Since this is the case, it means something is either broken or many people are asleep financially and need to wake up.
You see, the measure of your financial intelligence is your ability to manage cash flow.
This has nothing to do with whether you have a degree or not and in most cases, has nothing to do with what type of job you have.
It does have a lot to do with your money blueprint, which is one of the reasons many spend more than they earn.
Remember that journey I told you about?
It carries on way beyond Financial Solvency, which is the stage at which we are merely meeting out expenses each month.
The complete stages of the money journey look something like this:
1. Financial Dependence – The stage where you depend on your parents or guardians.
2. Financial Solvency – The stage we covered above where your income barely covers your expenses and you have debt exposure. a.k.a the Financially Ordinary Life.
This is the stage where most people are and remain for the rest of their lives, and then possibly creep back to financial dependence on the State and other people.
3. Financial Stability – The stage at which you have 3 to 6 months of expenses saved for emergencies.
4. Financial Debt Freedom – The stage at which you have a plan and take steps to become debt free. For some, this might include mortgage freedom.
5. Financial Security – The stage at which you have 1 – 5 years worth of expenses saved up. You can take a sabbatical and still survive. More power to you!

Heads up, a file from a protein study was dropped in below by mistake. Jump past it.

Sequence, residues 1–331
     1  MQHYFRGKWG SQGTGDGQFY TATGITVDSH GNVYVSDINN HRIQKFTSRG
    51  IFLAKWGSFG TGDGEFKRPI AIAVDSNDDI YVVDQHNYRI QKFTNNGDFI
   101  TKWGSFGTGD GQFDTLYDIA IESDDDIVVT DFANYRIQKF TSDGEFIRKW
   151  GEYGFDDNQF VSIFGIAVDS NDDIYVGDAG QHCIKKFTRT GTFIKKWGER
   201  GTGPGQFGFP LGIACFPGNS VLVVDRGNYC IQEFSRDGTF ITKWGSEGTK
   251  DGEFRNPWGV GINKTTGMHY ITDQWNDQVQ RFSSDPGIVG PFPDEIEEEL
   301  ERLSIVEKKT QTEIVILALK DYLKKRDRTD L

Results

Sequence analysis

6. Financial Independence – The stage at which income from your investments covers your monthly expenses. Or Circa 25 years worth of living expenses saved.
You never really have to work if you choose not to for years at least.
7. Financial Freedom – The stage where your investments cover your big dreams and give you a lifestyle boost.
8. Financial Abundance – This final stage is where you have enough investment income or net worth such that you cannot spend it all even if you tried.
I’d like you to pause for a minute, imagine and consider these questions:
- What stage are you on that journey? And why do you think that is? Be honest to yourself.
- Which stage would truly be a big dream come true for you? Something big you can aspire for gradually.
Before we dive into how you can stop living a financially ordinary life, I’d like to reassure you that wherever you are in life right now is OK!